4 ways you can support your family during uncertainty

We all know that no matter how well we plan, no matter the contingencies we have in place, it doesn’t take very much to derail life, let alone a global pandemic like COVID-19.

So how do we keep on track? How do we maintain a positive flow? Even when it all goes to crap…

Firstly and frankly, we can’t control the external world. We can’t control our kids. We can’t control what our husbands do. The key has to be in ourselves:

  • Ensuring we get enough sleep (a lot of that means we need to turn our devices off a lot earlier in the evening)
  • Ensuring we eat well, consistently!
  • Ensuring we get enough exercise, and if possible fresh air and sunshine
  • Ensuring we stay in check with our own emotional state, and recognising when things are on edge and doing something about it

Secondly, in those moments when it does all go to crap

  • Take a deep breath and give yourself a moment to get perspective
  • If you can get outside, sun and exercise will always help
  • Phone a friend, you need to share the load with someone, if the timezone is wrong leave a voice message. Sometimes just verbalising it will help.
  • Ask for help, these are unique times and you do not need to do everything yourself. I bet your kids are capable of doing a lot more than you’re asking at the moment. 

Thirdly, while we can’t control the others in our lives, there are somethings we can do to support our kids:

  • Ensure they get enough sleep, this may mean starting quiet time/ story time a fraction earlier so they are ready for sleep when they go to bed. In our recent move I started using mindfulness with the girls at bed time – this has been a game changer!
  • For the little ones, help them to understand their own emotions. Help them by giving them the words they need to express how they feel. This may apply to some of the older kids too 🙂
  • Provide plenty of opportunities to expend energy… especially if you’re in a lock down, you need to think completely differently about how the kids will expend that energy.
  • Ensure they eat a balanced diet. Plan your meals at the start of the week so you’re not left guessing at the end of the day. 
  • Be there for them. Listen to them. Don’t try to fix everything, just be there.

Fourthly, here’s some ideas that may help hubby:

  • Give him time/space when he is switching from work mode to home mode. Try not to start with your thoughts, comments and questions as soon as he finishes work.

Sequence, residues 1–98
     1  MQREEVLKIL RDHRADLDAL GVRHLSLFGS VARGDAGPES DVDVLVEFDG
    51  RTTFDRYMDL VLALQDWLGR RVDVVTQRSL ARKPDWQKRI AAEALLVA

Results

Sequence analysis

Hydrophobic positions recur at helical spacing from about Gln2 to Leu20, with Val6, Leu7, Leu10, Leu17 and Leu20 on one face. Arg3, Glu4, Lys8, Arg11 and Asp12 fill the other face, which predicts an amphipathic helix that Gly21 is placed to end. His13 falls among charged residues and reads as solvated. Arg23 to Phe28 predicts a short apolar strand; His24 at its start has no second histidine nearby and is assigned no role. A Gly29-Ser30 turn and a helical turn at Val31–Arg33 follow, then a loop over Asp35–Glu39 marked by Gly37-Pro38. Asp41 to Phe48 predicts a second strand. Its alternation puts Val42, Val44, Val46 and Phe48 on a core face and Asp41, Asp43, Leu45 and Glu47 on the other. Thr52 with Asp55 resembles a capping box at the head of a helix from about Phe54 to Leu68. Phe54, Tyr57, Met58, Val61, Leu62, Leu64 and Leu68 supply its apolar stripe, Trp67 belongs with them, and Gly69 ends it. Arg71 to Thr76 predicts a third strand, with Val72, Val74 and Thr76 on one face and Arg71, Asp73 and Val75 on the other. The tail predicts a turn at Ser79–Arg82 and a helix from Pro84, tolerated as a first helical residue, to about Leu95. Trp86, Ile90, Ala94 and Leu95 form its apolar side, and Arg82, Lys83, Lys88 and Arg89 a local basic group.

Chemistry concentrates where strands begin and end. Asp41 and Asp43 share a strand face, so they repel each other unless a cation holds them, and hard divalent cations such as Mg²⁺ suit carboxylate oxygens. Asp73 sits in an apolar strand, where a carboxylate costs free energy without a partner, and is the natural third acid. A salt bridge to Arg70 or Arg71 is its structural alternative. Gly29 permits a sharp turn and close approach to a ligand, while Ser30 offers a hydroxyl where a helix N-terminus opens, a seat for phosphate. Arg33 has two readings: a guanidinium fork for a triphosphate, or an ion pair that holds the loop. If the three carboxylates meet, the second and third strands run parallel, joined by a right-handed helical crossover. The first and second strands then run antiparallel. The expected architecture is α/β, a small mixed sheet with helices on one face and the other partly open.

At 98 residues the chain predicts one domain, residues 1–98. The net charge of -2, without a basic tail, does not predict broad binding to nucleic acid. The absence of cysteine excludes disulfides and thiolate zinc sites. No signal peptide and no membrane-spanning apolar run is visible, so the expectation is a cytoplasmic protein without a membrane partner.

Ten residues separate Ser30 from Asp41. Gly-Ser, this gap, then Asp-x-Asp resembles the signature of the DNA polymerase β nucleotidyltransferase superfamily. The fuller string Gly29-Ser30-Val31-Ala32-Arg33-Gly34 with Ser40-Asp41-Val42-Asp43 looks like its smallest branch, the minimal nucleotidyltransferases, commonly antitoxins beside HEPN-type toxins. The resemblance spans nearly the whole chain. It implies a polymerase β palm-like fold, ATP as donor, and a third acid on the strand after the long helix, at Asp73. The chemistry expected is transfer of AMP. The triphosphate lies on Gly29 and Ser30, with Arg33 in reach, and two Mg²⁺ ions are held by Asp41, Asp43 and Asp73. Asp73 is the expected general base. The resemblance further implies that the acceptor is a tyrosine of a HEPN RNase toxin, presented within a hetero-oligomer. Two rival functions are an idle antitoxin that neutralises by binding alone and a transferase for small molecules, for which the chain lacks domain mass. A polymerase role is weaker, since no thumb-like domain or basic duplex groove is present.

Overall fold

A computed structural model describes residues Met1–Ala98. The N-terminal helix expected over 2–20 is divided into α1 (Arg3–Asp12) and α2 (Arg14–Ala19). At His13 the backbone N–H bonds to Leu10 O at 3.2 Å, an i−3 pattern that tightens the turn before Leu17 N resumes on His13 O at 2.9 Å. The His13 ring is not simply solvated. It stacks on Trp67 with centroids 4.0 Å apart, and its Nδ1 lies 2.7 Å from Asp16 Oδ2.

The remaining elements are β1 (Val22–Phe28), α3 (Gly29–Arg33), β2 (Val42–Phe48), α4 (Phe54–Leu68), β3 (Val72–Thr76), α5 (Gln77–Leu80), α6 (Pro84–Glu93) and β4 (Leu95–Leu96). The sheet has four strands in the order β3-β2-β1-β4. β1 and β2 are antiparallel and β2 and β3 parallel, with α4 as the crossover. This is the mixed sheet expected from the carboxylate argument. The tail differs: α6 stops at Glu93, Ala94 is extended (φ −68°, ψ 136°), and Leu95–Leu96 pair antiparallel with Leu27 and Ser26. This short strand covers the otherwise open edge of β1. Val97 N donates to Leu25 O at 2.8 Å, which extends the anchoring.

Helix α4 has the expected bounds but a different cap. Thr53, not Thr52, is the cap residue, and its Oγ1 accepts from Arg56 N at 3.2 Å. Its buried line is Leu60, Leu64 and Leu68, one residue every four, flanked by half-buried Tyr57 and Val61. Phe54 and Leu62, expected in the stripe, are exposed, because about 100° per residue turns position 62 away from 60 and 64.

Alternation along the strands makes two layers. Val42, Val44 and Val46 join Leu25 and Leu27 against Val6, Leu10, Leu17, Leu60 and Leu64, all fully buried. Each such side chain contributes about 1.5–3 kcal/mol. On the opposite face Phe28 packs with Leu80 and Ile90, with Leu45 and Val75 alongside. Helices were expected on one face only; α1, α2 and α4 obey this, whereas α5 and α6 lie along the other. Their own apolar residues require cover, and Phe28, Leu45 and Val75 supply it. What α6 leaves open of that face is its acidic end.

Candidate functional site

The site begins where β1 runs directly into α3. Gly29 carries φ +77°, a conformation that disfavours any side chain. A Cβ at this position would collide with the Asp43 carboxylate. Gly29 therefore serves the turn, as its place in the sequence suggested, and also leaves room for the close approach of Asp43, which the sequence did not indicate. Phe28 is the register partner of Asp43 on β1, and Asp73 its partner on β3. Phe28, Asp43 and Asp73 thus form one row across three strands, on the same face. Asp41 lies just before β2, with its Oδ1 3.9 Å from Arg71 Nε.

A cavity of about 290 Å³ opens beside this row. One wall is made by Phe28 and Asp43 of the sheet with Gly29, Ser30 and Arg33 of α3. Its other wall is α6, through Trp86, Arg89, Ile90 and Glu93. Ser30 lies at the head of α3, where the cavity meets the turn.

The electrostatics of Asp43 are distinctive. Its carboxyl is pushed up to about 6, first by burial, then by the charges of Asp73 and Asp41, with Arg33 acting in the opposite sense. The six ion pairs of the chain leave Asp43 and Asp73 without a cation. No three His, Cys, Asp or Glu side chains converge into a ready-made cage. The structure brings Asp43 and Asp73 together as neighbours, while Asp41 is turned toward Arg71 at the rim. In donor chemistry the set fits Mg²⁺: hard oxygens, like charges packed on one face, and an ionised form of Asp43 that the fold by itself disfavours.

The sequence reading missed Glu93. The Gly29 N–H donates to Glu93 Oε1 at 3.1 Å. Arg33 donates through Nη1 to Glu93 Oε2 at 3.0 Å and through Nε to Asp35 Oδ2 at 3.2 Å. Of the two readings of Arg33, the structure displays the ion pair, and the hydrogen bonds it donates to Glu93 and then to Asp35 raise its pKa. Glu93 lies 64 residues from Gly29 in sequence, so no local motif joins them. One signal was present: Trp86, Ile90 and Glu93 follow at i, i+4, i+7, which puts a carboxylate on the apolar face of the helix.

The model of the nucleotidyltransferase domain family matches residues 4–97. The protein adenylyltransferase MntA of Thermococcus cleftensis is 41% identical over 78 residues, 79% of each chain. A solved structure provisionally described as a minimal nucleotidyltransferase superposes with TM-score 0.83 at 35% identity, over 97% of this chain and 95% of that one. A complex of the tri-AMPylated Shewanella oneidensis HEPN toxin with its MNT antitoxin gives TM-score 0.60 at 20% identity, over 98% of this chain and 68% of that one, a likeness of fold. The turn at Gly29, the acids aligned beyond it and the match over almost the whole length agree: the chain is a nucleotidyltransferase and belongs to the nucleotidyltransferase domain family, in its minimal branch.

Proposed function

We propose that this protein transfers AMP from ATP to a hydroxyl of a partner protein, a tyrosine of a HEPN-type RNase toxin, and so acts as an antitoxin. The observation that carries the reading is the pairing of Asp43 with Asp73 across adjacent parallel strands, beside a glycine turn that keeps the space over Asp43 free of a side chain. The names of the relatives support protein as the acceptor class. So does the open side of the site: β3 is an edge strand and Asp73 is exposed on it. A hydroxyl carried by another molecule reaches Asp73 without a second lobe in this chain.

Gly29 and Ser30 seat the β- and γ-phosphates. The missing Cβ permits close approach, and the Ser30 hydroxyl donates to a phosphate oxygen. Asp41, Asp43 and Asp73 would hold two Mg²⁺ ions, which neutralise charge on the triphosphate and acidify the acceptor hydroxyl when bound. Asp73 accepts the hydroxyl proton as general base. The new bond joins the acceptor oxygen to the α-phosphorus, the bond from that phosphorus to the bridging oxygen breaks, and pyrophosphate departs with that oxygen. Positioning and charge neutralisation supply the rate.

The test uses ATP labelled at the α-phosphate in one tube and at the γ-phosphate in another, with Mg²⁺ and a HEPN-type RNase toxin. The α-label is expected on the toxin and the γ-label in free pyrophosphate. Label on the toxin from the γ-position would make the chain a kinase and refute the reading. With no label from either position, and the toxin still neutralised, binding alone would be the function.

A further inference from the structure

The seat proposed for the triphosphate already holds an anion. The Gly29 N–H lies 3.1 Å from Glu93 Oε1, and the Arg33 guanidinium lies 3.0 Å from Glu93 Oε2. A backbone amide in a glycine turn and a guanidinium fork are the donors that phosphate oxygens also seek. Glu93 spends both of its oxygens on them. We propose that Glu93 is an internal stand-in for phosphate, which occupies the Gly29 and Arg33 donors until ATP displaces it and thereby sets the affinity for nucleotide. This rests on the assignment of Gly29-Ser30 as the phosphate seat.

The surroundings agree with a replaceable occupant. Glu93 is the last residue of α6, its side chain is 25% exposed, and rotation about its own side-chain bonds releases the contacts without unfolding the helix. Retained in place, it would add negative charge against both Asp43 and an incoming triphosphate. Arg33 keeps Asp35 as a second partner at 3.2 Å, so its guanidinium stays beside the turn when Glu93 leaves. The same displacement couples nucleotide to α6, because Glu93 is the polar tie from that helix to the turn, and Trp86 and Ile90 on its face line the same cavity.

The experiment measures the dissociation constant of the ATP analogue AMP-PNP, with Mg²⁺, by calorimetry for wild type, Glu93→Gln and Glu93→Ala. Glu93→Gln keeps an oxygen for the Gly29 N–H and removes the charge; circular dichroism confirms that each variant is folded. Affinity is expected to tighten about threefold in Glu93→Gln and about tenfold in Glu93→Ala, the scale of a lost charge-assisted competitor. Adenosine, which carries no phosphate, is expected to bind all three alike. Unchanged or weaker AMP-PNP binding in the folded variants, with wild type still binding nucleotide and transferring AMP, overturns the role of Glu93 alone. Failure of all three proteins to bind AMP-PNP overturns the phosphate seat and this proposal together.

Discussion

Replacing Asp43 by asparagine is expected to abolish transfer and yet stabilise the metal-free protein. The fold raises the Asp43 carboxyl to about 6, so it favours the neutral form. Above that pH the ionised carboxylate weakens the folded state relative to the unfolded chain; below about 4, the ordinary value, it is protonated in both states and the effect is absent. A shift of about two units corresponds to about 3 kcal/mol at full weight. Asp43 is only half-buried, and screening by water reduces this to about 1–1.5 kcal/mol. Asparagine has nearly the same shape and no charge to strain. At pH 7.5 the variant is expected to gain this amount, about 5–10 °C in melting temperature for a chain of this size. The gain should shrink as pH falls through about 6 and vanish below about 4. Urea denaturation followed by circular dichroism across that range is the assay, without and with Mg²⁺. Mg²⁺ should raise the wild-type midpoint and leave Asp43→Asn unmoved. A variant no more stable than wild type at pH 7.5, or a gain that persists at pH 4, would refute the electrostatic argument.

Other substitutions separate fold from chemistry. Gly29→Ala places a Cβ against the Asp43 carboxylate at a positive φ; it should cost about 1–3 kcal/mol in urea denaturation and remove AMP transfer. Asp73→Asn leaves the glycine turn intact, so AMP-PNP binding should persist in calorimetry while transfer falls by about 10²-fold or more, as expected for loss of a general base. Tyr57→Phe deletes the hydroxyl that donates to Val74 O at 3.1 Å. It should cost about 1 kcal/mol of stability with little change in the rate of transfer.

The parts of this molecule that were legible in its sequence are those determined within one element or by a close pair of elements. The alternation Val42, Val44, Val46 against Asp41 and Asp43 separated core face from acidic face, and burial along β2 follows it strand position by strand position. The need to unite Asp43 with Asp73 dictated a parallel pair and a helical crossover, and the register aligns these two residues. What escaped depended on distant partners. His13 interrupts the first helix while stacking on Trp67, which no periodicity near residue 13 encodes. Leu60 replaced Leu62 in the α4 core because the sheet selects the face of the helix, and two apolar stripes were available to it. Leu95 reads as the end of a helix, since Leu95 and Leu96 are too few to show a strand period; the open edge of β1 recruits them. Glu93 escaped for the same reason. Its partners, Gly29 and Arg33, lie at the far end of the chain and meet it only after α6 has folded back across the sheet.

• Ensure he is exercising (if not, encourage him to start, again you may have to be creative here if you’re in lockdown).
  • Help him to make good food decisions by having dinner done (even if he has to reheat it).
  • Encourage him to switch his device off! This is tricky I know, and still a constant battle (I mean discussion) in our home!?! 
  • Plan family centric activities that you know everyone will enjoy – a family movie afternoon at home with all the trimmings; build a fort the whole family can fit in; a family dance party in the lounge or go all out and do kareoke in the lounge room!

No matter where you are in the world, COVID-19 is changing the landscape and the way we live. So please, stay safe and stay calm. 

If you need someone to talk to, I am here for you. I am offering all my readers a FREE 30 minute online discussion to support you in any way I can during this crazy time. You can book your session at a time that is convenient for you, here

In addition, I am offering a four week mini programme “Living Well in Times of Change” to support you through this period of change. You can get more information on the mini programme and sign up here, numbers are strictly limited. Starting Monday 30 March, this programme is all on line, allowing you to join from the comfort of your own home (no matter where you are in the world).  It’s not to late to join up if you’re interested, our first call is later in the week 🙂

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2 thoughts on “4 ways you can support your family during uncertainty

  1. Clare Rowe Reply

    For helping the little ones understand their emotions, I have recently self published a children’s picture book called ‘The Big Move’, it’s about a tortoise who goes through the ‘change curve’ of emotions as he relocates to the other side of the world. It’s a useful resource for children experiencing change and identifying the physical feelings that accompany emotional change. Available on Amazon as a paperback and e-book as well as through Book Depository with free worldwide delivery.

    • EmilyRogers Post authorReply

      Thank you for sharing Clare, it’s always lovely to have new resources available and I can’t wait to check yours out!

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